So we've been discussing gun ownership in the US and you describe a six-year-old who is frightened by combat gear in her school and at home, who is also scared by being made to wear body armor.  In the context of the discussion this is obviously ridiculous and you are called on it.  You then switch to your story about a refugee from Central America.  Yes, the gross stereotype is reality for some, but NOT in the US.

Charles Austin

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Pastor Bohler:
So, apparently:
1. You paid for protection from others, rather than doing it yourself.  Much like Mr. Garner wrote in Post #499.
Me:
If you’re referring to the five dollars, I guess so. But that was life in New York and Newark in those days. That kid on the street in the ironbound section of Newark was sort of a freelance “parking lot operator.”

Pastor Bohler;
2. You never heard of anyone wanting/having a gun for protection in those days; therefore it must not have happened.  Or, maybe, might those people have wanted -- even had -- guns but did not talk about it because it was illegal to carry them?
Me:
Oh yeah, New Yorkers, particularly people in those parts of New York and New Jersey, never talk about the laws are breaking, no never. In truth, they are more likely to brag about the laws they are breaking than to be silent about them.

Pastor Bohler:
3. There was plenty of crime, including violent crime, in those days.  But it was better that innocent people suffer rather than allow them the means to defend themselves.
Me:
You really don’t get it. Do you think that people casually carrying guns, even with a minimum of “training,” Are going to be any match for people who are likely to assault them? (For that matter, are you? )
« Last Edit: July 07, 2019, 04:31:59 PM by Charles Austin »
Retired ELCA Pastor. Parishes in Iowa, Nw York and New Jersey. LCA and LWF staff. Former journalist. Now retired, living in Minneapolis.

Steven W Bohler

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Pastor Bohler:
So, apparently:
1. You paid for protection from others, rather than doing it yourself.  Much like Mr. Garner wrote in Post #499.
Me:
If you’re referring to the five dollars, I guess so. But that was life in New York and Newark in those days. That kid on the street in the ironbound section of Newark was sort of a freelance “parking lot operator.”

Pastor Bohler;
2. You never heard of anyone wanting/having a gun for protection in those days; therefore it must not have happened.  Or, maybe, might those people have wanted -- even had -- guns but did not talk about it because it was illegal to carry them?
Me:
Oh yeah, New Yorkers, particularly people in those parts of New York and New Jersey, never talk about the laws are breaking, no never. In truth, they are more likely to brag about the laws they are breaking than to be silent about them.

Pastor Bohler:
3. There was plenty of crime, including violent crime, in those days.  But it was better that innocent people suffer rather than allow them the means to defend themselves.
Me:
You really don’t get it. Do you think that people casually carrying guns, even with a minimum of “training,” Are going to be any match for people who are likely to assault them? (For that matter, are you? )

1. You make New York/New Jersey sound so attractive. 

2. You make New Yorkers and New Jerseyites sound so wonderful.

3. Yes.

Pilgrim

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Pilgrim writes:
Me thinks you’re a product of watching too many of the “Dirty Harry” movies. Out here in the real world of gun ownership it really is quite different.
I comment:
No. It is what I am hearing in what gun enthusiasts say and write. If you were are not “that way,” then you need to understand that “that way” is how you come across.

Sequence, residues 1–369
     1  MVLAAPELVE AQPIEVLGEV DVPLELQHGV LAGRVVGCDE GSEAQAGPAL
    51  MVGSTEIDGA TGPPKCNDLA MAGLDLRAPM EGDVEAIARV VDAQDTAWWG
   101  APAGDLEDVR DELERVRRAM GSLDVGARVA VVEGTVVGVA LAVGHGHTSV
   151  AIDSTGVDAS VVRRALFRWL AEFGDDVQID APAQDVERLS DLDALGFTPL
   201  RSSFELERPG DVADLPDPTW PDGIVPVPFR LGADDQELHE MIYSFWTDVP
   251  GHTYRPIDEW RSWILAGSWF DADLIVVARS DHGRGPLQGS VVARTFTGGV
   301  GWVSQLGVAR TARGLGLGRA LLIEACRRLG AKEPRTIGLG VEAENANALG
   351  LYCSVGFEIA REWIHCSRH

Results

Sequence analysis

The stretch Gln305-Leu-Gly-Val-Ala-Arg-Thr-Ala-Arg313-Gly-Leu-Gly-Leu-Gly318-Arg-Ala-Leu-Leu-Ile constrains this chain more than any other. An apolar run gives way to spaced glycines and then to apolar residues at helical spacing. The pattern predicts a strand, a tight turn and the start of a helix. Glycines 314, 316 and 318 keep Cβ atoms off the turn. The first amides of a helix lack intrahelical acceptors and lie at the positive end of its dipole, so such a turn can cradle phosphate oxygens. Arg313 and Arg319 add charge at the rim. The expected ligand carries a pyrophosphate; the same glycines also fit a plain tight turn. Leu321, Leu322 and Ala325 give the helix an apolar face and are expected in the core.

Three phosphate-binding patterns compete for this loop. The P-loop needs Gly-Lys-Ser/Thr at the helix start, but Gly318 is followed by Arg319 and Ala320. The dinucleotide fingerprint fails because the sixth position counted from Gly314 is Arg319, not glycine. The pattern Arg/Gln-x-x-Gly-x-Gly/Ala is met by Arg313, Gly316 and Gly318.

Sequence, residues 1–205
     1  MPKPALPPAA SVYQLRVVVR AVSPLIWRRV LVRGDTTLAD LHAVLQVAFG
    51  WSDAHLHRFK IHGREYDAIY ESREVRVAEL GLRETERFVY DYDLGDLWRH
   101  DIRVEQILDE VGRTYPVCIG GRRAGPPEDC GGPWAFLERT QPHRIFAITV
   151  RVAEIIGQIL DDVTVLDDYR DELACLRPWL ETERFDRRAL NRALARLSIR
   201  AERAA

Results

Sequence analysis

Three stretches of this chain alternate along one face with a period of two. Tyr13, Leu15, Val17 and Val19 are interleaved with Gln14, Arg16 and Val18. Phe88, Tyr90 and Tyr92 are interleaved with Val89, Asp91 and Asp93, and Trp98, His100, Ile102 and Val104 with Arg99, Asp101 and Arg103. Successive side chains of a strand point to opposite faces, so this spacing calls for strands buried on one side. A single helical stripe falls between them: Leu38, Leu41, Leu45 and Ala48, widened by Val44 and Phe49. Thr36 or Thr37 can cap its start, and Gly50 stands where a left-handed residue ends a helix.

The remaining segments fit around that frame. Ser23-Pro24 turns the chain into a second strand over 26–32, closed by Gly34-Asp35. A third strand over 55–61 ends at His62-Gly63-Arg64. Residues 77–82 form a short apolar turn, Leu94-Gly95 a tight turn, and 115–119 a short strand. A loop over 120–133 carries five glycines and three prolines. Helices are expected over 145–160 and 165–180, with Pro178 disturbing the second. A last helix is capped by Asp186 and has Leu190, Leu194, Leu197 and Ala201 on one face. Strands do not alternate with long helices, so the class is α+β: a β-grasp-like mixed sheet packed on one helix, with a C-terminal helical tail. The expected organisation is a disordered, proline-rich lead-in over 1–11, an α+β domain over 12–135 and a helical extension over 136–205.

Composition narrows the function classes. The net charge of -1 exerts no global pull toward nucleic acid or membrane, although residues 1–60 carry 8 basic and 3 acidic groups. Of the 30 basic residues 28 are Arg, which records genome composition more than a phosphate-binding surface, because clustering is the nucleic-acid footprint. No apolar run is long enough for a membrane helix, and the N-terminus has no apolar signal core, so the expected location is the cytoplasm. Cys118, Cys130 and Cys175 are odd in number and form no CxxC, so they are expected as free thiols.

Charles, Am I to assume the “you” is singular or plural? Otherwise your “that way” is arrogant and insulting and is slamming me into a large group of people and you don’t even know me. Shame on you. This is apparently the “who” you come across as in this forum that you are ardently blind to.
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Charles Austin

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They are indeed wonderful people for the most part. Tough, know how to get things done, know how to live with others in difficult situations, most of the time.
And the variety! Walk the street you’ll hear six or seven different languages if you walk far enough and you don’t have to walk that far.
Elegant Fifth Avenue ladies on one block  and on another hardhat guys taking a lunch break and eating giant sandwiches.
Sometimes however these days in Manhattan, too many tourists.
Retired ELCA Pastor. Parishes in Iowa, Nw York and New Jersey. LCA and LWF staff. Former journalist. Now retired, living in Minneapolis.

Charles Austin

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Sorry if I wasn’t precise enough, pilgrim. The “you” is plural and refers to gun enthusiasts in general.
Retired ELCA Pastor. Parishes in Iowa, Nw York and New Jersey. LCA and LWF staff. Former journalist. Now retired, living in Minneapolis.

Eileen Smith

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Pastor Bohler:
So, apparently:
1. You paid for protection from others, rather than doing it yourself.  Much like Mr. Garner wrote in Post #499.
Me:
If you’re referring to the five dollars, I guess so. But that was life in New York and Newark in those days. That kid on the street in the ironbound section of Newark was sort of a freelance “parking lot operator.”

Pastor Bohler;
2. You never heard of anyone wanting/having a gun for protection in those days; therefore it must not have happened.  Or, maybe, might those people have wanted -- even had -- guns but did not talk about it because it was illegal to carry them?
Me:
Oh yeah, New Yorkers, particularly people in those parts of New York and New Jersey, never talk about the laws are breaking, no never. In truth, they are more likely to brag about the laws they are breaking than to be silent about them.

Pastor Bohler:
3. There was plenty of crime, including violent crime, in those days.  But it was better that innocent people suffer rather than allow them the means to defend themselves.
Me:
You really don’t get it. Do you think that people casually carrying guns, even with a minimum of “training,” Are going to be any match for people who are likely to assault them? (For that matter, are you? )